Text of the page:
Zimbabwean national with 17years UK residence satisfies the rigorous “very significant obstacles to integration” requirement in both tiers of the Tribunal

Disappointingly in this case, the  First Tier Tribunal permitted  itself to be persuaded  by the Home  Office  to grant  permission to appeal in relation to an Immigration  Judge’s decision allowing  the Appellant’s Article 8 appeal.


Ironically, the same Home Office Guidance on private life which the Secretary of State  relied  upon and which formed the basis of grant of permission, was utilized  to the Appellant’s benefit in the Upper Tribunal – although neither   the presenting officer nor  myself  at the First Tier Tribunal hearing   referred to  it all.  The Immigration Judge made no reference to  the guidance in her decision when allowing the Appellant’s appeal.


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Do public disagreements between Zimbabwean focused human/civil rights protest groups in the UK help the genuinely active Zimbabwean asylum claimant?

I have always admired and continue to admire the various Zimbabwean focused human rights and civil society organisations active in protest in the UK advocating for positive change in Zimbabwe.  Whether or not the UK based activity emanates from well-established groups, newly formed ones  or even  via emergence of  social  media based activity,  the efforts are admirable nonetheless.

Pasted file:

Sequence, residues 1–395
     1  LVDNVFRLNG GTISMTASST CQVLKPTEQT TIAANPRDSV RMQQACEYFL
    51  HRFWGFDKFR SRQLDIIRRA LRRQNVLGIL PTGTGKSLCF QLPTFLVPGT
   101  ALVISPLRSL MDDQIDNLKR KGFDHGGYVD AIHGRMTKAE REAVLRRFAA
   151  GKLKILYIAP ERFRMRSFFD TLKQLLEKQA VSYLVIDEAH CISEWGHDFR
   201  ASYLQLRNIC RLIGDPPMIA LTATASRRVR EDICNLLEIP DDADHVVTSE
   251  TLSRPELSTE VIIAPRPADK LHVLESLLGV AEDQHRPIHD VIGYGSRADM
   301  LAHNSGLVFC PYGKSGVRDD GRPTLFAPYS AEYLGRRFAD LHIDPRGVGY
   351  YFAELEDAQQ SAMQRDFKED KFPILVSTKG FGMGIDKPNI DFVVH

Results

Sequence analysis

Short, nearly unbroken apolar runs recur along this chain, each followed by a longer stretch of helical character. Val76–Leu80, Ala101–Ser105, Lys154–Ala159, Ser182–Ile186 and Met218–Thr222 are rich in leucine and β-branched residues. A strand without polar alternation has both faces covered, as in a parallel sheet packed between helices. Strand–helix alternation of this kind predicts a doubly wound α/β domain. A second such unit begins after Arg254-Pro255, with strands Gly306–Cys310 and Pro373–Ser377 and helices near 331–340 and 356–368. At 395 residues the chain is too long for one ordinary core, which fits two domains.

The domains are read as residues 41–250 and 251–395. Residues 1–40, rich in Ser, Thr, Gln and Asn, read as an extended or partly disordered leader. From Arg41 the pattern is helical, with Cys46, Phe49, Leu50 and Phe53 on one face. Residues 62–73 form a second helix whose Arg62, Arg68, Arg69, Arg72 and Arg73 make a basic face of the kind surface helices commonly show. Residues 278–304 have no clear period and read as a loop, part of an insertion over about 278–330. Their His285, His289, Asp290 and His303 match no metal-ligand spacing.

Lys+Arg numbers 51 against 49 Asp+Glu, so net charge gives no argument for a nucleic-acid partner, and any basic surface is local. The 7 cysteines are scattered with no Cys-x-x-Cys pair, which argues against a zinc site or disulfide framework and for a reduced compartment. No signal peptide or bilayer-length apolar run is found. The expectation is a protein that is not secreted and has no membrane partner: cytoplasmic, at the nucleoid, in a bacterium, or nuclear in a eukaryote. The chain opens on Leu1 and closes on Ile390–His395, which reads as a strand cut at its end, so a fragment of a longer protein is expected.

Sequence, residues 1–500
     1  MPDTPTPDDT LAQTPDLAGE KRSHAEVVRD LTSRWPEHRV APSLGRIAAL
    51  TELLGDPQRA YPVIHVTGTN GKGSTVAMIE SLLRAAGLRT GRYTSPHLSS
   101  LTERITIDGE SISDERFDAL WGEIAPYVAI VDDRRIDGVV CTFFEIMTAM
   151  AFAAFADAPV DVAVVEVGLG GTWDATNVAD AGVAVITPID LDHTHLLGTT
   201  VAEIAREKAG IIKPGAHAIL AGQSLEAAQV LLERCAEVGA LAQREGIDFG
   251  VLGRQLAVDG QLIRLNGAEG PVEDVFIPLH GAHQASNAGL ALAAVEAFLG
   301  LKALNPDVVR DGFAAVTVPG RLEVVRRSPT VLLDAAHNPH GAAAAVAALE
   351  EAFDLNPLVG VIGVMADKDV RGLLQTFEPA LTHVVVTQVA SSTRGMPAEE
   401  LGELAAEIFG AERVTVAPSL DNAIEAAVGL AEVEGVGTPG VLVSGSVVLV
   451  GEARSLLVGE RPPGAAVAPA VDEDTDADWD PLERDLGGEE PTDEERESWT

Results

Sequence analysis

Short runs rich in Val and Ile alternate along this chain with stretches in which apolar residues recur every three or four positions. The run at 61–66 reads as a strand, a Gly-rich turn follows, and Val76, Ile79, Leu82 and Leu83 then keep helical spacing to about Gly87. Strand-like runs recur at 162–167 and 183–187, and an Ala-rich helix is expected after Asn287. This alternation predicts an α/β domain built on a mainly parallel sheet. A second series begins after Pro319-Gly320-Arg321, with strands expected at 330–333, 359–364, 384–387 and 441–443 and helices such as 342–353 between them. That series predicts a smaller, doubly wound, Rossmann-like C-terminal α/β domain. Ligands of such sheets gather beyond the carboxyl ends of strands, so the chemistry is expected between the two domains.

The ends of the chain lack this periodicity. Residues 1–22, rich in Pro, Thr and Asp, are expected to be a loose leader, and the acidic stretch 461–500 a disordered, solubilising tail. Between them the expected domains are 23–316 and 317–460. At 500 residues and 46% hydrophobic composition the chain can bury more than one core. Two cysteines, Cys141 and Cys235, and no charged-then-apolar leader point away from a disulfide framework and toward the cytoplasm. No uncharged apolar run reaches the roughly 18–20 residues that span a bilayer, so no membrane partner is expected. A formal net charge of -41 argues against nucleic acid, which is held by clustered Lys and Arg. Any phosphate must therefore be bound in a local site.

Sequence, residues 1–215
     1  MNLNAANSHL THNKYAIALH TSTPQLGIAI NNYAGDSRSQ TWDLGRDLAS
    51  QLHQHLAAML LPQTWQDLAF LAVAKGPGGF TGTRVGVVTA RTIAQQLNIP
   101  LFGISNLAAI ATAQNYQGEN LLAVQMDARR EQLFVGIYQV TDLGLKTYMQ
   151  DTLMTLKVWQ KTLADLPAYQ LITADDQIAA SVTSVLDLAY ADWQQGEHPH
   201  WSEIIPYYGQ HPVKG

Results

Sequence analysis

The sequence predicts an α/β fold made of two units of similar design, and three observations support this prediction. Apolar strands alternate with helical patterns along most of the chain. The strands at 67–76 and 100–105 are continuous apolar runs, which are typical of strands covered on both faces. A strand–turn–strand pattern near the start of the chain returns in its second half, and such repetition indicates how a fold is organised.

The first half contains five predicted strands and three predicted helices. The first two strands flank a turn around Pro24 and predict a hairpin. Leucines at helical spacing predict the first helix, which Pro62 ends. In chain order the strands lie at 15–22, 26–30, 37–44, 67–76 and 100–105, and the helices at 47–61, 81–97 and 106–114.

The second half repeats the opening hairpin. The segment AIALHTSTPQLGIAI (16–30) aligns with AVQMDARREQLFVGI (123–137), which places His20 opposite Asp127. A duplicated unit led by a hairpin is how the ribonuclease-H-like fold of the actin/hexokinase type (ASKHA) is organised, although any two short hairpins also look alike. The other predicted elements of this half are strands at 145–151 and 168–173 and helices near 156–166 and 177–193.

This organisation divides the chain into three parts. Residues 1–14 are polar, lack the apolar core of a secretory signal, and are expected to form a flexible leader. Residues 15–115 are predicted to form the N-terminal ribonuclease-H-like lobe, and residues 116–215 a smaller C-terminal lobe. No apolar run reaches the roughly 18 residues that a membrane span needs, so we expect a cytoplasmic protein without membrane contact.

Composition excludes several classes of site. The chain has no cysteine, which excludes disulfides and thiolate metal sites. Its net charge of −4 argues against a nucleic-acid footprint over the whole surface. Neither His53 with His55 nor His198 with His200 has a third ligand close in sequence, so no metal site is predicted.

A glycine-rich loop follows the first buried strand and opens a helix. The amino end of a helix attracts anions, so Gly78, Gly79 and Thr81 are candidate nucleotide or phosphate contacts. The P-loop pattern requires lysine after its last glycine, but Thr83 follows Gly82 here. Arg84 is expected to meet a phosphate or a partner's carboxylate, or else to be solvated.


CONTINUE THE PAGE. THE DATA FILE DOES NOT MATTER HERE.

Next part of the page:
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Children adequate best interests’ assessment: Whether the Secretary of State has a Section 55(1) proactive duty of enquiry

It is all about context,  said the Upper Tribunal in Ahmed and Others (deprivation of citizenship) [2017] UKUT 00118 (IAC), in declining to find in that appeal that the Secretary  of State owed a Section 55(1)  proactive duty of enquiry in relation to the  consideration of the  welfare and best interests of the children.


The conjoined appeals in Ahmed had their origins in a series of decisions made by the Secretary of State proposing to deprive the Appellants of their British citizenship under section 40(2) of the British Nationality Act 1981. Within the  course  of the appeals however,  the Upper Tribunal had to consider the  content of the duty owed by the Secretary of State under section 55(1) of the 2009 Act in the Appellant’s cases.


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